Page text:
Ginnette Vincendeau pops up again with another introduction to the film (21 min, 30 sec) as well as providing commentary for three scenes. Volker Scholondorff also does another interview (13 min, 23 sec) and the theatrical trailer (2 min, 18 sec). The black and white film is presented in French, with optional subtitles, and an aspect ratio of 1.66:1. The print is much better this time with very little evidence of damage.

Army of Shadows (1969 - 2 hr, 18 min, 30 sec) is an adaptation of Joseph Kessel's 1943 book, but also influenced by Melville's own experiences of the war. The film won three American film awards.

Phillipe Gerbier (Lino Ventura) escapes imprisonment by the Nazi’s. A resistance leader, he escapes to London before having to return to France to take part in another escape plan. Whilst the plot would have been an action war flick if it had been made in America, what Melville has produces here is a study in character. The army is in a real way made up of shadows, people with no home and not even their real names who move about in Vichy France, keeping hope alive, whilst stoically accepting the reality of their position.

Once more Vincendeau provides commentary. Melville: Army of Shadows (27 min, 27 sec) is a featurette looking at the making of the film with contributions from many that remain alive, Le Journal de la Resistance (32 min, 58 sec) has archival footage of the Liberation of Paris. Rounding off the disc is Jean Pierre Melville: Filmmaker (4 min, 34 sec), which shows Melville at work, and the theatrical trailer.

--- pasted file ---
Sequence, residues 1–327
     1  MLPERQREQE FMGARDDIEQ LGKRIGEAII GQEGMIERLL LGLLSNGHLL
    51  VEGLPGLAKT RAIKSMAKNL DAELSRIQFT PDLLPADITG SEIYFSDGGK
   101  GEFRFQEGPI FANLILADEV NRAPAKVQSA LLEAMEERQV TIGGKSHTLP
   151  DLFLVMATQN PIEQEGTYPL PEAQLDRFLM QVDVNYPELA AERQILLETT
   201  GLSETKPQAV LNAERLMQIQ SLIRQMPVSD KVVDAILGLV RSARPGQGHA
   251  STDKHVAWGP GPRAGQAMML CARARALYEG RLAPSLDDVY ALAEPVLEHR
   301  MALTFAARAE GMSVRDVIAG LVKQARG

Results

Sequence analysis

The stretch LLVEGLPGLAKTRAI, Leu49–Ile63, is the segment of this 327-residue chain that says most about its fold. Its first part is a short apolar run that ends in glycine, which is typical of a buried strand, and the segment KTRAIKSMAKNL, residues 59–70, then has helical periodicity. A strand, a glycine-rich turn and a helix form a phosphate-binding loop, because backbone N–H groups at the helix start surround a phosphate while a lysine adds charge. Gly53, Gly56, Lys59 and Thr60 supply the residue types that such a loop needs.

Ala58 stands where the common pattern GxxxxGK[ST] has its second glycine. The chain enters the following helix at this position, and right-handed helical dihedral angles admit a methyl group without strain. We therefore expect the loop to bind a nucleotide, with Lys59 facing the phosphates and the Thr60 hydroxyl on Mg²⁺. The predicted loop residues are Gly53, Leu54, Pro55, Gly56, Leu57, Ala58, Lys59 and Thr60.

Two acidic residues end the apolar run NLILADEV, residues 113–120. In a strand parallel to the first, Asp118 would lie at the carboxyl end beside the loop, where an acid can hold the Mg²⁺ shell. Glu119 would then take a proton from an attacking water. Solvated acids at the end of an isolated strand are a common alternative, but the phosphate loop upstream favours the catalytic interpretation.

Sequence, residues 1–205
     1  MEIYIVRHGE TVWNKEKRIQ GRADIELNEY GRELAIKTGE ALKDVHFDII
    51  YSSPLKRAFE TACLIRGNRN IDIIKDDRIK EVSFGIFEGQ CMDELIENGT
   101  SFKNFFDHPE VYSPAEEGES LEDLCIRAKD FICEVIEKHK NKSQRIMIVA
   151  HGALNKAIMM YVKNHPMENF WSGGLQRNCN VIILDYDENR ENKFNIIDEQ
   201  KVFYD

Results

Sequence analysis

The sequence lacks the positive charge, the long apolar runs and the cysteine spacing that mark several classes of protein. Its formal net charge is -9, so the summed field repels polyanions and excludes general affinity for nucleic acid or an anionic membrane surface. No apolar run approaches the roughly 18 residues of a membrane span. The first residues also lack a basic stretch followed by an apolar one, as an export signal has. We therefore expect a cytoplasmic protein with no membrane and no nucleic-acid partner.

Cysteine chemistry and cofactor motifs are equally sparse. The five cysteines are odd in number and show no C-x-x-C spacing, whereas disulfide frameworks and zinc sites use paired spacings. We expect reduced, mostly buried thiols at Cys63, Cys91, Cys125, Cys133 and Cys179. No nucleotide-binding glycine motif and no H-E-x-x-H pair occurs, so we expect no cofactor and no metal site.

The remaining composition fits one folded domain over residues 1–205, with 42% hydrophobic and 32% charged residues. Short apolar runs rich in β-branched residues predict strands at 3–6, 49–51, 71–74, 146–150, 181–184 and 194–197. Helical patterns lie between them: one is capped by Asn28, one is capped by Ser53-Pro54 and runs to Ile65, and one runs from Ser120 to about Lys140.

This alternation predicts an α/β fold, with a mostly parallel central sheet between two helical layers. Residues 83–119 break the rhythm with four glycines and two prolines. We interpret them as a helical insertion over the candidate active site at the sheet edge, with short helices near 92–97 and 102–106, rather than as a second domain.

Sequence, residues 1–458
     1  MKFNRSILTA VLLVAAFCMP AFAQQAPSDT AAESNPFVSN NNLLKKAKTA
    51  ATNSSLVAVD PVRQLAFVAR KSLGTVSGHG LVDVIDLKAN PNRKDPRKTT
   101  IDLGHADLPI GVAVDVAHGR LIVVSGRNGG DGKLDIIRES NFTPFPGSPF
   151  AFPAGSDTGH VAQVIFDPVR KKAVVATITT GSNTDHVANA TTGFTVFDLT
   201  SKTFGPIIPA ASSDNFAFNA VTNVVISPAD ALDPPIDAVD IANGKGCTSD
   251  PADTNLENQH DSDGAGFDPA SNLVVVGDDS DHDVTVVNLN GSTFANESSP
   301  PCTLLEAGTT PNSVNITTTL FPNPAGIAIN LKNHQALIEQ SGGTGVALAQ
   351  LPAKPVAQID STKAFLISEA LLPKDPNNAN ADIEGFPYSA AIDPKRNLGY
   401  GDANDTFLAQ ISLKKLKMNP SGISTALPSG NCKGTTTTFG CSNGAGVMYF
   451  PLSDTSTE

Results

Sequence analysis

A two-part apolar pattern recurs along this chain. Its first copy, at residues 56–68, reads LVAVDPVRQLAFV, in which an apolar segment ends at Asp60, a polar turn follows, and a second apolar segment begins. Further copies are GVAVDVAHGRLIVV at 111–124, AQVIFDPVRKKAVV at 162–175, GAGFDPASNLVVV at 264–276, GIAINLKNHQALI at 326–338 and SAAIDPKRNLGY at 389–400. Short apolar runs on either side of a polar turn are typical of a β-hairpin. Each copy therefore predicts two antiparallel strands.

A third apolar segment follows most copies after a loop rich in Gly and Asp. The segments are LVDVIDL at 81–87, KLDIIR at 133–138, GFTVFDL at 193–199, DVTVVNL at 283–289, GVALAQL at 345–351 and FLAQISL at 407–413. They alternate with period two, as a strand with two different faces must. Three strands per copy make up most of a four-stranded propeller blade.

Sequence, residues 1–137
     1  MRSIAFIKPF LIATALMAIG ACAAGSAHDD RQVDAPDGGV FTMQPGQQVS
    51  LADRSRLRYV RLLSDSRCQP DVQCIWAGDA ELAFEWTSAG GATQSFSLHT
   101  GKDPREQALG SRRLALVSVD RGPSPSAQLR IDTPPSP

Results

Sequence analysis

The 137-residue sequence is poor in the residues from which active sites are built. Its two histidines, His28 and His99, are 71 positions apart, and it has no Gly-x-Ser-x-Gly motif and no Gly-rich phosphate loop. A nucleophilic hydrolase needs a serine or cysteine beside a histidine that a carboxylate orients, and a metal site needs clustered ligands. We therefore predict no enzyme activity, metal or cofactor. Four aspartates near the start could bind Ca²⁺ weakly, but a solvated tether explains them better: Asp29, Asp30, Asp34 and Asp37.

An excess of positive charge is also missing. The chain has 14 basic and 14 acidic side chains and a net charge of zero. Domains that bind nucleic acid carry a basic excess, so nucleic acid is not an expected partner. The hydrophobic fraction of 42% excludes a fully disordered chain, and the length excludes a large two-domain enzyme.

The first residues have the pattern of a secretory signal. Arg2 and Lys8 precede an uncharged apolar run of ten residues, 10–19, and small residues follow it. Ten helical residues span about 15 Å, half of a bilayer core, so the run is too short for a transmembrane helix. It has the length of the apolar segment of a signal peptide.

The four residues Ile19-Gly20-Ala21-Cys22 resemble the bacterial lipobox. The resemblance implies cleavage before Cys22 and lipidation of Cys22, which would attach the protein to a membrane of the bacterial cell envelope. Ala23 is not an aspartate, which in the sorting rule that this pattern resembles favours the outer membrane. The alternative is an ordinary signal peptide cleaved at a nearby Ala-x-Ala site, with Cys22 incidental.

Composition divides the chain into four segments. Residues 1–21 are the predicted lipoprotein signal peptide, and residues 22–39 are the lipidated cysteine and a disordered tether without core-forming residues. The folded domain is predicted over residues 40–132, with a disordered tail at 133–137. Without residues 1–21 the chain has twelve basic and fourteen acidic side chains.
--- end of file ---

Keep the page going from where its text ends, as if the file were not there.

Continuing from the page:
The colour film is presented in 1.85:1 anamorphic with a mono French audio track and subtitles. The print, this time, is pretty good with no noticeable flaws.

Le Cercle Rouge (1970 - 2 hr, 14 min, 52 sec) sees Melville return once more to the criminal underground. With each passing film Melville refined his own brand of Gallic noir hitting an artistic level which he maintained until his death. Alain Delon plays Corey, a gentleman jewel thief, whose fate has conspired to find him on the run with escaped prisoner Vogel (Gian Maria Volonte). Following their escape, Corey enlists Vogel and Jansen (Yves Montand) in a daring robbery. The film is a masterpiece of the understated with Melville proving that silence can be just as powerful as the spoken word.

The colour film is presented in 1.85:1 aspect ratio, French with optional subtitles and a clean print. Once more we get a thoughtful introduction from Vincendeau (21 min, 30 sec), who also provides the commentary. There is a further feature on Melville in Rui Nogueira on Melville (26 min, 14 sec) and an interview with Assistant Director Bernard Stora (30 min, 25 sec).

Un Flic (1972 - 1 hr, 35 min, 44 sec) is the last film in the set and an incredible tour de force, as Melville remains in the noir world of gangsters. The film stars Alain Delon, Richard Crenna and Catherine Deneuve and represents the strongest film in an undoubtedly strong set of films. Delon takes the central role of  Commissaire Edouard Coleman who tries to balance the obligations of his life, from trying to keep his mistress (Deneuve) whom he shares with a nightclub owner and main suspect in a robbery. Like many of his previous films this is really about the pressures between honour and friendship, a theme which links nearly all the films here.

Oddly enough after the riches of the other discs this film only has the trailer as an extra. The movie, French with optional subtitles, is presented in an aspect ratio 1.85:1, the print appeals to have no faults.

This is a great box set, Melville’s sense of style and narrative prowess makes even his lesser known film worth watching. Throw in some good extras and the set is pretty much a must have for film fans.


Charles Packer